Yet, with the manufacturing industry now being named as the most frequently hacked sector, that is changing rapidly. Contrary to popular belief, original equipment manufacturers (OEMs) and product makers hold vast amounts of sensitive data, including intellectual property and financial information. Your business is also exposed to additional risk through your extended supply chain.
To mitigate the risk of cyber attacks and ensure customer and company information is kept secure, manufacturing businesses should look at bolstering their data security strategy with a few key best practices:
Gain visibility into where your sensitive data lives
Understanding what sensitive data your organization has, where it lives and who has access to it gives your business visibility of its internal and external surface attack risk and to ensure that your business processes are complying with the relevant data privacy requirements.
Data discovery software scans your organization’s entire environment, finding and identifying where both structured and unstructured data resided across your business. This gives you real-time insight into where your data lives, so you can better ensure that data is being protected and that it complies with data privacy laws.
Train your employees to recognize cybersecurity threats
When it comes to cybersecurity vulnerability, a company’s employees pose the biggest weakness. Cybercriminals know that it’s easier to target employees through attacks like phishing than to find a way through a company’s infrastructure. That's why manufacturing businesses must train their employees to recognize the signs of cyber attacks so they can avoid falling for them.
Use data classification to enhance your compliance efforts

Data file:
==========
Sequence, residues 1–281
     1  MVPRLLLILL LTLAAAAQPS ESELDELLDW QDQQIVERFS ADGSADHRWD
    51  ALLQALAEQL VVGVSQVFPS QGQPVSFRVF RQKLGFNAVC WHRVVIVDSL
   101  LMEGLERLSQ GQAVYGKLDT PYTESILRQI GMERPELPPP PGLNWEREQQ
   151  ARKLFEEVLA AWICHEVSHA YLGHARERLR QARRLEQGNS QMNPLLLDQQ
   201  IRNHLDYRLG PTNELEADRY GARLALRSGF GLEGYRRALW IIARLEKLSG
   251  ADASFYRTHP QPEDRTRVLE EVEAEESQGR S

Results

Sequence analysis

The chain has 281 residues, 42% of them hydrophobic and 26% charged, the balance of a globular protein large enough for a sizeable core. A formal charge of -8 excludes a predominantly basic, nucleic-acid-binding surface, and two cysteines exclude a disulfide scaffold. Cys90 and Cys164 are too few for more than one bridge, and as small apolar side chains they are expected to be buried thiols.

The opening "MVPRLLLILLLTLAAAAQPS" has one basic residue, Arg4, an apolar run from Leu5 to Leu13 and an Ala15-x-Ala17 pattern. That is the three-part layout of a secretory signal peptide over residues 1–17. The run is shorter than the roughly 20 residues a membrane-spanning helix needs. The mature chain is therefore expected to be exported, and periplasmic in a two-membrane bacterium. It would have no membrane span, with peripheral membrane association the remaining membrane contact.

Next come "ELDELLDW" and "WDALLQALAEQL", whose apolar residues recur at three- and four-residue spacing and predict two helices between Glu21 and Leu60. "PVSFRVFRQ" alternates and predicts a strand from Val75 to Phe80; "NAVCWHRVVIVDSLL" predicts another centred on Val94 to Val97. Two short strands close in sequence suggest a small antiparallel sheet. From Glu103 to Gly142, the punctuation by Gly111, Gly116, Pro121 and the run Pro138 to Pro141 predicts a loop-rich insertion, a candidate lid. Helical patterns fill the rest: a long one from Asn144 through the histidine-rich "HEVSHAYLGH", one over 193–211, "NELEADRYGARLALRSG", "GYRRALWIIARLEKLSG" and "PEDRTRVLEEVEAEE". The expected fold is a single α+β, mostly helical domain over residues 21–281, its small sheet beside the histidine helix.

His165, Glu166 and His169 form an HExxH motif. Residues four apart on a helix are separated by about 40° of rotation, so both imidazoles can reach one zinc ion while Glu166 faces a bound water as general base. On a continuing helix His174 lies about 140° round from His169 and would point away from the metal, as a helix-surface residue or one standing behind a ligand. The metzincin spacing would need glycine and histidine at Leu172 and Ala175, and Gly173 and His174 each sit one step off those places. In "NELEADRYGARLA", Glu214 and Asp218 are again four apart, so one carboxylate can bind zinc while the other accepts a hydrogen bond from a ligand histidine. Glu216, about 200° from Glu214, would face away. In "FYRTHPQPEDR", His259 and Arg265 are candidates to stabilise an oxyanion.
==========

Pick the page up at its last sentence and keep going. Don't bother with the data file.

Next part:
Data classification is the process of identifying and tagging data into categories based on relevant information, such as file type, content or what data privacy laws the data must comply with. By implementing this process into your data security strategy, your business will improve its visibility into where sensitive data lives across the network making it easier ensure that the data is both secure and compliant.
Treat data security like a business issue, not an “IT problem”
As we mentioned previously, in the past data security hasn’t been a priority for the large majority of manufacturing executives. These businesses typically brushed off data security as an IT issue, making it an afterthought to the actual business.
But data security is about more than updating your passwords every few weeks, it’s a highly-strategic and comprehensive process that should be an essential aspect of all facets of the business. Data security should be seen as a vital process that mitigates costly system outages and downtime in the event you do experience a breach or data leak.
Get a head start on your data protection strategy with a free vulnerability assessment from Cavelo to uncover your organization’s sensitive data and vulnerabilities. See what you’re missing and request a demo today.